Achieving Jet Zero via Sustainable Aviation Fuels

Sustainable Aviation Fuels (SAF) are the most promising solution for net zero flying by 2050. It can be used with existing aircraft and can cut carbon by 70% or more.


The benefits of focusing on SAF are:

              The technology is proven. Six different ways of producing SAF have been certified for aviation and more are under development.

              It is a “drop-in” solution. It can be dropped into today’s aircraft, avoiding the need for costly and timely replacement of the world’s aircraft fleets. It can be dropped into today’s pipelines avoiding the need for new fuel distribution systems.

              Before 2050 SAF will remain the only solution for the longer journeys that represent most of aviation’s emissions. SAF is the only plausible solution for long haul flights or flight longer than two hours, before 2050. Zero emissions flight technology (electric and/or hydrogen) is likely to only emerge for shorter journeys by the mid-2030s.


              It cuts life-cycle carbon by 70% or more and can be produced sustainably. Using currently approved feedstocks and manufacturing processes, waste-based or “second generation” SAFs can deliver around 70% carbon reduction compared to conventional jet fuel (based on Life Cycle Assessment) .

              There is sufficient feedstock globally for aviation. A recent report by the Energy Transitions Commission concluded that there is sufficient sustainable biomass globally for all of aviation’s needs and that aviation should be prioritised for its use as alternative zero carbon technologies exist for other industries and modes of transport .

The main challenge for SAF is an economic one: it typically costs 4 – 5 times more than kerosene. Airlines are therefore reluctant to sign up to significant long-term supply contracts and investors are therefore hesitant to invest.

As such, key market signals are needed from Government to stimulate SAF use and investment in its production:

1.              An escalating mandate for the use of SAF in UK flights, rising to at least 10% of all aviation fuel by 2030.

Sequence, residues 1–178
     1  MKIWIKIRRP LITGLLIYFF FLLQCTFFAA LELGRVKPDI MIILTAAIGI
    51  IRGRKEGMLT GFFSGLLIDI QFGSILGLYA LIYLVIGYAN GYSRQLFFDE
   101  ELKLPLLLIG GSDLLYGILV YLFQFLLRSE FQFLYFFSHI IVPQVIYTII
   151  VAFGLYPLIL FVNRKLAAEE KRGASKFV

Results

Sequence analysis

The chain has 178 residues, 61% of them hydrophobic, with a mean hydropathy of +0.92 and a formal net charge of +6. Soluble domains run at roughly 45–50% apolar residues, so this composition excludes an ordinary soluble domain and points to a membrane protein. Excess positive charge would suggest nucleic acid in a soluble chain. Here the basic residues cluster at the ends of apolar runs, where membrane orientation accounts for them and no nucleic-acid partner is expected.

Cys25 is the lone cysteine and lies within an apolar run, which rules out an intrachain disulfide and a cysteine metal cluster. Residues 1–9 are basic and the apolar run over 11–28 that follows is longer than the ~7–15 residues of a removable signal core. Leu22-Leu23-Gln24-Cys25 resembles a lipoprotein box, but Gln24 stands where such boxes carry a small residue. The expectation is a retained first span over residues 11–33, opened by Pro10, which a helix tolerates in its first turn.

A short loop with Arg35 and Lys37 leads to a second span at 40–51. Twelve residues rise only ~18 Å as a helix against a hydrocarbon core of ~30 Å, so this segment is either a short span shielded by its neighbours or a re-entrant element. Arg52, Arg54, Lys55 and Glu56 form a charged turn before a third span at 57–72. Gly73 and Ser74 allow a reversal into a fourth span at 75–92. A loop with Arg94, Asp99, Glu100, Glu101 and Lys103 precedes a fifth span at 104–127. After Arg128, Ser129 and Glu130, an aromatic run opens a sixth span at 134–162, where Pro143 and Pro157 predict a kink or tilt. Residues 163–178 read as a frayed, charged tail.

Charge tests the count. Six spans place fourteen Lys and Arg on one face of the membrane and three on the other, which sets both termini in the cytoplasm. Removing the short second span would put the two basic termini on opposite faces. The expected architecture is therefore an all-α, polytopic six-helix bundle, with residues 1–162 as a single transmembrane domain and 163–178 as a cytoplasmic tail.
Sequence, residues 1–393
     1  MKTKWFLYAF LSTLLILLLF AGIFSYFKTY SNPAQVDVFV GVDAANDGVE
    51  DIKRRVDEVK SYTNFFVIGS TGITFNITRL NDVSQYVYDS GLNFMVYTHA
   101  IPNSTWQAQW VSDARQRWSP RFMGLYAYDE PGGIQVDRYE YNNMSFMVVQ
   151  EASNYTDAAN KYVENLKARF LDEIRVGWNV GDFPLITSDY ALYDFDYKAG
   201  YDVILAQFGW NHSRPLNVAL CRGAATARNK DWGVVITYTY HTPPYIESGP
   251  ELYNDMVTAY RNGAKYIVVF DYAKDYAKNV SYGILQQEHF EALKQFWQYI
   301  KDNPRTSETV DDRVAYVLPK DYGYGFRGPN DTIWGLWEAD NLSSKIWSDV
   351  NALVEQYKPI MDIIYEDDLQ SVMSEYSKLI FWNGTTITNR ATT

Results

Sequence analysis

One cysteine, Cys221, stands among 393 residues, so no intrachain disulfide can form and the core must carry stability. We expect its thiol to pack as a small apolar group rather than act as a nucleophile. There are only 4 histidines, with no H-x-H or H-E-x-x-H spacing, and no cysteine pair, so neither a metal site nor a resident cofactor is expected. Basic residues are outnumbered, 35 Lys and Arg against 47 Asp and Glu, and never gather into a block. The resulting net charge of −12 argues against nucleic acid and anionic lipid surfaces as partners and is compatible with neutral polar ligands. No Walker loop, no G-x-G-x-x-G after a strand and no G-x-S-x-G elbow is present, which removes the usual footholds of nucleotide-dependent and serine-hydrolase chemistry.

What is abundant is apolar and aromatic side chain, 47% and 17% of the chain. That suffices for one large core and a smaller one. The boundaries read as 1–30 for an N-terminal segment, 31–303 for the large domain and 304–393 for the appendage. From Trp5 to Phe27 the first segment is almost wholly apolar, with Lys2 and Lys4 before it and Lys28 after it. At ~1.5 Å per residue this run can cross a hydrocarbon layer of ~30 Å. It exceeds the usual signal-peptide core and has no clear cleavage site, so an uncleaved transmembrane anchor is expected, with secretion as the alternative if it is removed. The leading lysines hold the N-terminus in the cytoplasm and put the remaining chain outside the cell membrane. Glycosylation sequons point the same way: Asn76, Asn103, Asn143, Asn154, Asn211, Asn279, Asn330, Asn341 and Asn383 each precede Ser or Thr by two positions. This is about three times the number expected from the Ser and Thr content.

2.              A price support mechanism to close the price gap with fossil kerosene to make a mandate commercially possible for airlines.

Zero Emission Flight technology is exciting and headline grabbing. It could be available for flights of up to 2 hours on aircraft of up to 150 seats by the early 2030s. However, these flights represent less than 30% of carbon from global aviation and it will take time for new aircraft to roll out through the fleet. SAF will still be needed for the 70% of carbon from longer journeys.

However, SAF will take time to be fully scaled up so paying for carbon cuts out of sector will be an important part of aviation’s transition to net zero. Aviation can help to finance UK natural climate solutions – which deliver many other benefits – as well as engineered removals. However, finance also needs to be made available to achieve our Jet Zero goals and to help set us on our path to delivering these policy asks. The UK National Infrastructure Bank has a role to play in offering this support, taking action to stimulate private sector investment as has been the case in other countries like the USA.


It is vital that the UK asserts a position of global leadership by being a driving force for change within ICAO. The next opportunity provided is the upcoming ICAO General Assembly in 2022. It is critical that ICAO reach and agree a Net Zero deal at this assembly. This would make it clear that ICAO is front and centre of tackling the climate change challenges we face and would align with the Aviation sector which airlines and airports alike, has already committed to Net Zero by 2050.